Lets take this one step farther. We are using our same f/8 lens. It isn't a great lens, it's decent, for it's generation. At f/4 it is not diffraction limited, but it performs pretty well. Let's assume it is capable of resolving 150lp/mm instead of 173lp/mm. If we run out formula again:

Code: [Select]
ir = (1/sqrt((1/(lr*2))^2 + (1/(sr*2))^2)) / 2
ir = (1/sqrt((1/(150*2))^2 + (1/(200*2))^2)) / 2
ir = (1/sqrt((1/300)^2 + (1/400)^2)) / 2
ir = (1/sqrt(0.0033^2 + 0.0025^2)) / 2
ir = (1/sqrt(0.000011 + 0.000006)) / 2
ir = (1/sqrt(0.000017)) / 2
ir = (1/0.0041) / 2
ir = 244 / 2
ir = 122

Wow. Our crappy old lens which isn't even diffraction limited at f/4, combined with our greatly improved ultra high resolution sensor, is still giving us a lot of bang for our buck! Our image resolution is up to a whopping 122lp/mm! That is an improvement of over 53% over our f/8 performance. Well, let's say we finally break down and buy a better lens, one that is diffraction limited at f/4:

Code: [Select]
ir = (1/sqrt((1/(lr*2))^2 + (1/(sr*2))^2)) / 2
ir = (1/sqrt((1/(173*2))^2 + (1/(200*2))^2)) / 2
ir = (1/sqrt((1/346)^2 + (1/400)^2)) / 2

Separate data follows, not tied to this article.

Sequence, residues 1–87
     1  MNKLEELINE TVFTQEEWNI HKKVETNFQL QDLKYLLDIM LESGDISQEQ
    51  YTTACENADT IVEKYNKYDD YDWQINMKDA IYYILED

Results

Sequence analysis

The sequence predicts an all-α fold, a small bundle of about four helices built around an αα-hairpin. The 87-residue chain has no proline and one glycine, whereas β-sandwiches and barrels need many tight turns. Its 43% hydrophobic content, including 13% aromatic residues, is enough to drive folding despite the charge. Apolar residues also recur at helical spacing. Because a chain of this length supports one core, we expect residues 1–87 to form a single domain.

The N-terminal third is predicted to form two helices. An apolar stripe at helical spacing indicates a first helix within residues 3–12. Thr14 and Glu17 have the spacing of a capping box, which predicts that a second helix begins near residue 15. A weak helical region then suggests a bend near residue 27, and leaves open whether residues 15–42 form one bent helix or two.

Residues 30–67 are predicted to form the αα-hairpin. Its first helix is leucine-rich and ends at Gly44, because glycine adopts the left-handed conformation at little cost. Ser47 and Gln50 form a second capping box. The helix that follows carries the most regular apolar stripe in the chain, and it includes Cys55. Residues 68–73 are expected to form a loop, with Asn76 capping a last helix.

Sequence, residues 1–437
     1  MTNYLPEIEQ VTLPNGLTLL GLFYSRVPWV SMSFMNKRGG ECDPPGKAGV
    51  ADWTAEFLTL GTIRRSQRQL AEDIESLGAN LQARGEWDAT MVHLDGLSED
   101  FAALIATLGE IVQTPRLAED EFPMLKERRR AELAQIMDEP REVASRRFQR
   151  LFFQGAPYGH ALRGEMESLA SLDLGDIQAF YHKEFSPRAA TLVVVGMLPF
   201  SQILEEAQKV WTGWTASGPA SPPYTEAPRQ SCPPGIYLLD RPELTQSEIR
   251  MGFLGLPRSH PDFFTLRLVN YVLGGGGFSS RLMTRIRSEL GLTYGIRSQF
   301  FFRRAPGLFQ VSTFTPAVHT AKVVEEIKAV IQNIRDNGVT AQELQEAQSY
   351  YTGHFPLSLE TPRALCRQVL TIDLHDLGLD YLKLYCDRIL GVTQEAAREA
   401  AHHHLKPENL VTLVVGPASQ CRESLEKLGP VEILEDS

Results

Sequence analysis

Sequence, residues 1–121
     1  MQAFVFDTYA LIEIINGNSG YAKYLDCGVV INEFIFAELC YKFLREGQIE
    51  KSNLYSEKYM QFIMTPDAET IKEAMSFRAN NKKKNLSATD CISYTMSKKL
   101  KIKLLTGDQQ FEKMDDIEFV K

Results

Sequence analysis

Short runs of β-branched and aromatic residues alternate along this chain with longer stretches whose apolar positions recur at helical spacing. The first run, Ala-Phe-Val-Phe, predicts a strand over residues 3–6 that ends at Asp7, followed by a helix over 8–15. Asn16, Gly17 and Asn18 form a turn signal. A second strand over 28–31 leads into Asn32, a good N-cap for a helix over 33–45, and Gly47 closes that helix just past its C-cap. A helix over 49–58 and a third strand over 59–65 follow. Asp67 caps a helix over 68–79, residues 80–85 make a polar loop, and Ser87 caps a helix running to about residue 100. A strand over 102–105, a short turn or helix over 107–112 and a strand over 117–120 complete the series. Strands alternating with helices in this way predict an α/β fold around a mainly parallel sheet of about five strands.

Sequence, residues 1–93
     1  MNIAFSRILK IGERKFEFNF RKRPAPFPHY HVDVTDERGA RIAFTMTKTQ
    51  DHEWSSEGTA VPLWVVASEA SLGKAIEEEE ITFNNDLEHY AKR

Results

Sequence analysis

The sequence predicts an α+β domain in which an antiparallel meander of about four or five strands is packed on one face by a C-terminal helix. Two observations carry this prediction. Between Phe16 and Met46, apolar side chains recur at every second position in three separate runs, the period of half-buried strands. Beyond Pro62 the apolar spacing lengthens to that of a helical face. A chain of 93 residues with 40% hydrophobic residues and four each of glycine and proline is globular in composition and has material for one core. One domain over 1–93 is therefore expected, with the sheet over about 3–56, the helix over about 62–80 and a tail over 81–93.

ir = (1/sqrt(0.0029^2 + 0.0025^2)) / 2
ir = (1/sqrt(0.000008 + 0.000006)) / 2
ir = (1/sqrt(0.000014)) / 2
ir = (1/0.00374) / 2
ir = 267.4 / 2
ir = 133.7

Hmm...well, things haven't changed much. Relative to our older lens, we now have 133lp/mm. Unlike the previous jump of 53%, we have now gained a 9.5% improvement in resolving power. Ten percent improvement isn't something to shake a stick at, but our previous older lens that isn't diffraction limited at f/4 still performs remarkably well on our ultra high resolution sensor. To eek out any more performance, we would have to get a lens that was diffraction limited at a wider aperture. At apertures wider than f/4, optical aberrations begin to dominate, and achieving significantly improved results is more difficult. Additionally...you only get the improved resolving power at apertures wider than f/4...if you regularly shoot scenes at diffraction limited apertures of f/4 and smaller, then the only real way to improve the resolution of your photographs themselves is with a higher resolution sensor.

Pushing sensor resolution to obscene levels is a lot easier than pushing lens resolving power to obscene levels. Upping sensor resolution is the far more cost effective means, and therefor the one that tends to appeal to the masses (regardless of whether they know why.)

1044
Third Party Manufacturers / Re: Oh neat, a Nikon 300f2 (1981)
« on: January 28, 2014, 04:28:04 AM »
It weighs that much in part because although the front element diameter is approximately the same as a 600/4, the curvature of the element has to be greater in order to achieve a higher refractive power corresponding to half the focal length.  It also needs more correction for chromatic aberration, as well as correction for those Seidel aberrations that are f-number dependent.